With a title marked by time and place, the album opens with a solo piano composition called “South Bend, Indiana 1989.” It’s a quiet reflective piece that has the feeling of being lost in a distant memory. Jim’s background in music education is evident on the next track, entitled “Chaccone,” which refers to a musical composition in moderate triple time typically consisting of variations on a repeated succession of chords. The song slowly builds in intensity to a climax, when it drops back down, shifting into a different motif towards the end, which I found unusual, yet quite intriguing. The subtle yet sonorous cello playing of Eugene Friesen adds another dimension to the composition. His cello also accompanies Jim on the next track, “Spring Reverie.” I think that the use of the word “reverie,” is most appropriate in that there is a pensive quality that characterizes many of the tracks heard on the recording. However, like the spring itself, the music blossoms as it unfolds on this track.
On the title track, one of the album’s most accompanied tunes, Jim’s piano is joined by Eugene’s cello, Will Ackerman on percussion, and Jeff Pierce on the Chapman Stick – a ten or twelve stringed electronic instrument capable of playing bass lines, melody lines, chords, or textures. As on many Will Ackerman-produced recordings, while the studio musicians are world-class virtuosos, their presence is often understated and gently supportive, allowing the primary artist to shine in the spotlight. Following another contemplative solo piece, “Closest Night,” the violin of Charlie Bisharat and bass of Tony Levin are heard on a track called “Dayspring.” This is the first song on the album to divert from the more introspective air set by the preceding pieces, and is quite lively and upbeat. I particularly enjoyed the way the violin danced sprightly over Jim’s delightful descending progression.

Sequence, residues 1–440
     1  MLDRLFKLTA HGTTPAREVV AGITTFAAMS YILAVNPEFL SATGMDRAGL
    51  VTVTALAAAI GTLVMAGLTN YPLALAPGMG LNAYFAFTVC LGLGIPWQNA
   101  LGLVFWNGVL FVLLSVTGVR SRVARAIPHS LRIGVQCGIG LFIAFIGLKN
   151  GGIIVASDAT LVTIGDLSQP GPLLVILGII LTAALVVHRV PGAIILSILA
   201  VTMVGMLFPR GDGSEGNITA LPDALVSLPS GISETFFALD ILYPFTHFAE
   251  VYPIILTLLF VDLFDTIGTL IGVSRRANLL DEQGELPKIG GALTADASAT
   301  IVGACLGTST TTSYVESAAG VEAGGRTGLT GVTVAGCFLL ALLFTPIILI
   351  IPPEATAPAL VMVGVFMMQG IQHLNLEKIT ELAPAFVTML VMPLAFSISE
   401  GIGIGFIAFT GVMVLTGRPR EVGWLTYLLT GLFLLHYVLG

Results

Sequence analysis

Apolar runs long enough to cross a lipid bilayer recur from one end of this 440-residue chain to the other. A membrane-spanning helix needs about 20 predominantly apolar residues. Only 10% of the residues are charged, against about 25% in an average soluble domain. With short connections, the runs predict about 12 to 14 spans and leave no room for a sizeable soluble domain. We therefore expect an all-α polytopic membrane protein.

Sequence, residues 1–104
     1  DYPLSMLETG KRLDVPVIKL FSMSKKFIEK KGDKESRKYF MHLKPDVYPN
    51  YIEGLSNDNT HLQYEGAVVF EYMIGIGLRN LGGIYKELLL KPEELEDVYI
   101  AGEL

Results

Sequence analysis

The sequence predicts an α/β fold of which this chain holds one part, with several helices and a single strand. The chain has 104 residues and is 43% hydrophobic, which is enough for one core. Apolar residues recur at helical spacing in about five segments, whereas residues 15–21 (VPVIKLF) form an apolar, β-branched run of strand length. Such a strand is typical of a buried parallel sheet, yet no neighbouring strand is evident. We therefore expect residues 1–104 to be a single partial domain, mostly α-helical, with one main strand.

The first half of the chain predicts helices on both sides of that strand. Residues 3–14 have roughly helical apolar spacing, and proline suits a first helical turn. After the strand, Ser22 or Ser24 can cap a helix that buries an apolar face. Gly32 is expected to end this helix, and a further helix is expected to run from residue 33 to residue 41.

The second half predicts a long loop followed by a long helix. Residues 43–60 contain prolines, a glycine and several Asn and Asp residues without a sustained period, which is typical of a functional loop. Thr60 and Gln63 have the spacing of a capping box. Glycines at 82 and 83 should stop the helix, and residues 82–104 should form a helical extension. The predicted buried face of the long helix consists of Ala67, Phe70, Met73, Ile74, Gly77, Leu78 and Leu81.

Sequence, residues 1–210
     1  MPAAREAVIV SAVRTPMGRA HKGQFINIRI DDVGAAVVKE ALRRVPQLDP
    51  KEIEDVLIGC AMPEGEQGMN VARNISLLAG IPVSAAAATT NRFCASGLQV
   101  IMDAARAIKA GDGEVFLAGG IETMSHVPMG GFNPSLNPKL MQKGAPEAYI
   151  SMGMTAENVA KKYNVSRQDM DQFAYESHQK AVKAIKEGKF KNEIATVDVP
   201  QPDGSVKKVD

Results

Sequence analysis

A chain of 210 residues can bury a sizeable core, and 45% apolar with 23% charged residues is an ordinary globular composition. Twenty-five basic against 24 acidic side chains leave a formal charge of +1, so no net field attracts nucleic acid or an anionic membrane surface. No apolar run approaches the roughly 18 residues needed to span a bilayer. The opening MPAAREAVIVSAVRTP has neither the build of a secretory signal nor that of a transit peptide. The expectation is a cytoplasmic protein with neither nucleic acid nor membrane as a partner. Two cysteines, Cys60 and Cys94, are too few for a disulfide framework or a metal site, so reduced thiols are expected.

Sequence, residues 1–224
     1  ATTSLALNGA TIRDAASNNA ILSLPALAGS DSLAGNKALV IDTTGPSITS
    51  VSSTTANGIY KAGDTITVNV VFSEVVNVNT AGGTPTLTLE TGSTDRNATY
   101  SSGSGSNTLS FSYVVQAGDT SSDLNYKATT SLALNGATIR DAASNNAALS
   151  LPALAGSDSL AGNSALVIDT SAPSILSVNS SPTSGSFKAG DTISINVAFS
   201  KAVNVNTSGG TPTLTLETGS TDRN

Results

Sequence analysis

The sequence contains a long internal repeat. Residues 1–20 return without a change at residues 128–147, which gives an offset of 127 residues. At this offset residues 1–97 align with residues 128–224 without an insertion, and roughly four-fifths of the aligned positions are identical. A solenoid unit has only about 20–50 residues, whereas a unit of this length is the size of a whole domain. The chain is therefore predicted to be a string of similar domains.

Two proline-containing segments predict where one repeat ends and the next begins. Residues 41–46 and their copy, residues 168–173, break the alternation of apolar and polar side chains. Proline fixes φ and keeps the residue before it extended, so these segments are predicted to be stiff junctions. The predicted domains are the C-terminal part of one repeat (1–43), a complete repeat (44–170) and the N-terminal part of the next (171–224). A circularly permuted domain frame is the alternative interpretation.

An impressionistic solo piece called “Retrospection,” is evocative and haunting. These more ruminative compositions represent musical terrain that Jim is quite adept at traversing and account for much of the tone and tenor on Sojourn. A wistful ambience pervades the appropriately titled “Lost Chances,” which also features violin and bass. One thing I was aware of in this piece, as well as in Jim’s playing in general, was his mastery in the use of dynamics, with passages rising and falling in volume like the tides of the sea. There was a cinematic quality to a melancholy track called “Hopes Forgotten,” that could work well as a soundtrack to a poignant scene of a movie. A quiet piano and cello duet entitled “To The Sky,” brings the album to a peaceful conclusion. There is a particular ambience to this recording that fit perfectly with the rainy winter day I viewed from my window as I listened. While it bears little resemblance stylistically to Celtic music, it does, in it’s own way, often reflect the bittersweet quality that genre of music captures so well. Jim Gabriel is an accomplished pianist and composer with a particular gift for melody and mood, which he displays so adeptly on this album. His music has been compared favorably with the likes of George Winston and Jim Brickman, and I’m sure that fans of these pianists, and new age piano in general will want to give this a listen. Sojourn is a wonderful debut release and I’m sure it is only the beginning of much more to come from this talented artist.